Everyone else who camped around us was still in their tents when we began hiking. We climbed up quite a bit to begin with, and topped Unaka Mountain, which was a dense spruce forest, and with the rain, smelled just like Christmas. The younger hikers didn't care too much for these forests. Everytime we were in them, one of them would remark, 'These woods are creepy!" We had to admit that we had discussed that they resembled the kind of forest that Little Red Riding Hood and the Big Bad Wolf should be hiding in.
Soon, we began spotting these tiny, bright orange newts on the trail. They were really beautiful, but moved extremely slowly, so we had to be careful not to step on them!
We came upon a beautiful meadow with blooming apple trees, and many tents. We were surprised at how many people were spending the day in tents instead of hiking. It really wasn't raining very hard at all, more like a steady sprinkle.
We finally reached Clyde Smith Shelter, and mile 368 and met 2 new hikers - Talks a Lot, and Birdman, both of them in their Sixties. Talks a Lot lived up to her name, and Birdman had been given that nickname so long ago, that he forgot why he was called that.
As soon as we had reached the Shelter, we were approached by Weatherman, who whispered something in Keith's ear. I soon found out that he said that Machete Mitch's sidekicks, Craftsman and Turtle were the ones that were standing around the campfire (fire!) and that they had a new sidekick named Steamroller. They really did not appear all that threatening to me, and besides, they had managed to make a fire after it had rained all day long. There was at least one thing I was anxious to learn from these three! I felt like a competitor on Survivor - hmmm, they have fire -- what can I trade for that? I was not convinced that I could get anything to burn on a day like this.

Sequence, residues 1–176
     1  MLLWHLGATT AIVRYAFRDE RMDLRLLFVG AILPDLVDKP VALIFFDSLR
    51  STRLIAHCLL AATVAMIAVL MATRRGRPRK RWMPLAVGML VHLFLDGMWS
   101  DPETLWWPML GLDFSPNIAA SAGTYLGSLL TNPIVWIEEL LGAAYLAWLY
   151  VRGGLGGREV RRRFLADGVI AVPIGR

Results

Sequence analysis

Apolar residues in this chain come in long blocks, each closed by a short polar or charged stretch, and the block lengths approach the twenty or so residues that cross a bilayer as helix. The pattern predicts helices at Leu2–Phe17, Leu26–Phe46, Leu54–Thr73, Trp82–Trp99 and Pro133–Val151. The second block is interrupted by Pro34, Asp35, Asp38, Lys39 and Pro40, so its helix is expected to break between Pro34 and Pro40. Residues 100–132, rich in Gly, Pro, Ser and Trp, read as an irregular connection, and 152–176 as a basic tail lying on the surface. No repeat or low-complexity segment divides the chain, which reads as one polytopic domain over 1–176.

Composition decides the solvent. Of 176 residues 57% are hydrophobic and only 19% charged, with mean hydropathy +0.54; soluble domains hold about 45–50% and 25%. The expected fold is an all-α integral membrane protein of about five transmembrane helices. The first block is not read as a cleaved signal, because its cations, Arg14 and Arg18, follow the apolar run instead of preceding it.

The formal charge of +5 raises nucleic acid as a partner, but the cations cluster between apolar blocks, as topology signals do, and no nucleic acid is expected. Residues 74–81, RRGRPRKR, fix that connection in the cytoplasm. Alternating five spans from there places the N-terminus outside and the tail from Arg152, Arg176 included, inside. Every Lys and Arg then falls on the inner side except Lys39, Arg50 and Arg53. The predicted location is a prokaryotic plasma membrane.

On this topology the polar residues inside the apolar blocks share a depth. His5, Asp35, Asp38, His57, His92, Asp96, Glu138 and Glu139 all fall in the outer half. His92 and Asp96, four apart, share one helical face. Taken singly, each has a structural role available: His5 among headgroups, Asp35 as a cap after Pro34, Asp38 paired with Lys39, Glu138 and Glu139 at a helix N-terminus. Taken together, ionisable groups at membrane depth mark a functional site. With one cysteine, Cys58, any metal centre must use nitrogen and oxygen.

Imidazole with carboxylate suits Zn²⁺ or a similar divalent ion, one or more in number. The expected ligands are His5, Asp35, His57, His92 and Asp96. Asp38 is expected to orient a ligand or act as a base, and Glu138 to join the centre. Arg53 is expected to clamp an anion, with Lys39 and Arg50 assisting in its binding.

Soon I went to the campfire and began strategically approaching these three, trying to make a judgment on if they were approachable or not. By the time the evening was over, I had decided they really didn't worry me so much, and that they seem more entertained by the fact that everyone thought they were threatening than they were actually threatening at all. I think their main problem was young with too much time on their hands, and extremely inconsiderate of the other folks on the trail. They considered themselves "survivalist", but it seemed to me that they simply had come out here unprepared, and didn't have decent equipment, and didn't have a stove of any kind, so anytime they wanted to eat, they had to make fire -- so they were very good at it. Their secret, it turns out, was birch bark. Apparently it burns very well. Before the night was over, though, one of them admitted to me that they had babied that fire for at least 2 hours before they got it burning good. They had decided that the trail was way too long, and preferred to bushwack, hiking more of a straight line between points.